Five-year-old Ami travelled almost 3,000 kilometres from her home in Venezuela’s Falcón state to the city of Huaquillas, located on Ecuador’s border with Peru.
She travelled with her grandmother Nancy and her father Anfernee. Ami and her family entered into the country in early March 2021 via an informal crossing, because they don’t have Ami’s official documents.
Her only toy is Mickey Mouse, which her grandmother washed and stitched back together following the long journey.
The following month, Ami and her family attended an emergency supplies distribution in Huaquillas with several migrant and local families.
They received food vouchers, biosecurity kits and baby kits from World Vision. This visit was coordinated with the Ministry of Social Inclusion and Economy of Ecuador and ADRA.
Ami was playing with some other girls – Sofía and Isabela – when Salomé, a member of the World Vision communications team, began talking to her. Ami did not respond.
“I imagined she was shy around adults she did not know, although her constant smile suggested the opposite,” Salomé says.
“Her father was going to the delivery table, and Ami greeted him. Anfernee raised his hand and made a couple of signs. He told me Ami does not hear or speak. At that moment everything became clear to me.”
Nancy and Anfernee are unsure what caused Ami’s disability.
“When Ami reached the age that children typically begin to speak, she was only making muffled sounds,” says Nancy. “We took her to a specialist, who told us that she was deaf and that she was not going to speak."
Ami doesn’t leave her grandmother’s side. Nancy is protective and loving towards Ami.
"My granddaughter does not speak and does not hear, that makes her very vulnerable to an accident or to people who can hurt her, so I never lose sight of her," says Nancy. The grandmother has cared for Ami since she was a year old, when her mother abandoned them.
Ami's disability and the lack of food in Venezuela are Anfernee's greatest motivations to migrate in search of a place where they can help to improve her living conditions.
Huaquillas, a city of around 50,000 people on the Ecuadorian border with Peru, is the main crossing point for Venezuelan migrants heading to the southern part of the continent, having previously passed through Colombia and Ecuador.
Since the end of January 2021, the city has received hundreds of families as a result of the border closure. Many migrants had to make the streets their home. According to data from the Huaquillas Mayor's Office, approximately 200 families, mostly Venezuelan, are living on the streets, and of this population between 20% and 30% are children and adolescents.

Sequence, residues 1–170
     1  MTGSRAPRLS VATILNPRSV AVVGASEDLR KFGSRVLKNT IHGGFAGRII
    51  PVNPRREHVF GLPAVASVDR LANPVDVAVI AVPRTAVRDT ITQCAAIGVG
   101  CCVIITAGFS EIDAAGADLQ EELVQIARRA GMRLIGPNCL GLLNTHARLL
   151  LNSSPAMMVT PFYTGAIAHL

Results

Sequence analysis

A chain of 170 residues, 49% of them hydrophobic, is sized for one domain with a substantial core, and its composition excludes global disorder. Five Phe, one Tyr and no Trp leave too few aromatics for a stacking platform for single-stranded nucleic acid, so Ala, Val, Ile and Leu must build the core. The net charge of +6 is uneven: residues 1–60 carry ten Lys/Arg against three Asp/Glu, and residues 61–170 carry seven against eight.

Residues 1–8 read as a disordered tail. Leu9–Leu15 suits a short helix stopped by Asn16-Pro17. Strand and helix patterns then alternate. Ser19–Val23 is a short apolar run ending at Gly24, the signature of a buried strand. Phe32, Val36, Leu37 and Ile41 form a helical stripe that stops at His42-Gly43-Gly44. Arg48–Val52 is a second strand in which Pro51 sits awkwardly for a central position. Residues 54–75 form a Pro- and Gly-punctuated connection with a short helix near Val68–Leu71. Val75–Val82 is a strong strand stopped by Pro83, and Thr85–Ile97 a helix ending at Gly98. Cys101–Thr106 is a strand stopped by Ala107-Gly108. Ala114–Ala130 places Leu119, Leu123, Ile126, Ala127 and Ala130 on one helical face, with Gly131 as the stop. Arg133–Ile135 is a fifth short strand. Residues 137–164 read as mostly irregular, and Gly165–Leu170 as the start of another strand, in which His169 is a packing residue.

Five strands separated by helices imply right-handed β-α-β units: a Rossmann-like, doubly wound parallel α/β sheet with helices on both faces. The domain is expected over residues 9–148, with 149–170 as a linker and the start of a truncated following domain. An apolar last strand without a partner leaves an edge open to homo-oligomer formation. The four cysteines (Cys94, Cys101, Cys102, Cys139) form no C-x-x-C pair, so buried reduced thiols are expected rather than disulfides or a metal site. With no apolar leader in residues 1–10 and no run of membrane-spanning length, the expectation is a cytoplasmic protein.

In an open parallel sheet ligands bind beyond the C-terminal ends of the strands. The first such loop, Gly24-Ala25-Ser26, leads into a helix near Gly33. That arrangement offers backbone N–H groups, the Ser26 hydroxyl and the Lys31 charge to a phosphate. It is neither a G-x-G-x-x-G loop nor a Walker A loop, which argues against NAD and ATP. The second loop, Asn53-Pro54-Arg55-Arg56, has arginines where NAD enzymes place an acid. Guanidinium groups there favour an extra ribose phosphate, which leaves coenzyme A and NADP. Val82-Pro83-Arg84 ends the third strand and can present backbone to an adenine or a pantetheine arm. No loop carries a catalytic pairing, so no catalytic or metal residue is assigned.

For the first week following their arrival, Ami and her family lived on the street.
Nancy says that one of the biggest repercussions of travelling and living on the streets is reflected in Ami's poor diet.
“We don't have a place to cook, we don't have utensils, and the little money we get is for a meal,” she says.
“There are days when my son has nothing to sell and begs for food. They give him soft drinks or sweets and that is what Ami eats. We cannot buy vegetables or fruit, because the heat damages them quickly or we cannot cook them well as we have to take turns using the stove."
When Anfernee arrives home, he feeds Ami with what he earned that day. Ami is used to eating rice, beans and arepas from when they lived in Venezuela, and doesn’t like to eat anything else.
“I hope that little by little she begins to like new foods,” Nancy tells us.
After seven days of living on the covered court along the main road coming into Huaquillas, Anfernee and three other young men found a home for all their families.
They now have a place to call home.
It is not much. It’s a house of approximately 80 square metres with a rusty zinc roof and a garden that was abandoned. Nine adults and four girls will live in this four-room house. Ami is the oldest of the children.
They are not sure how they are going to make ends meet. But now Ami's family wants to start a new life. They may set up an arepa stall or start a motorcycle mechanic shop, which is what her father’s trade.
For now, their short-term goal is for Ami to receive medical attention, and for her to attend a school where she can learn sign language and be more independent.
According to the United Nations, nearly 5.5 million Venezuelans have fled their homes to seek refuge in neighbouring countries such as Colombia, Brazil, Ecuador, Bolivia, Peru, and Chile.
73% of families in Venezuela don't have enough food, according to a survey we conducted in September 2020.
Our research found that for an average Venezuelan family receives a monthly income that equals 0.9% of the price of the basic food basket - the monthly nutritional needs for a family of five. They would need to earn 116 minimum salaries to buy the basic food basket.
Millions of children are facing hunger in urban and rural areas.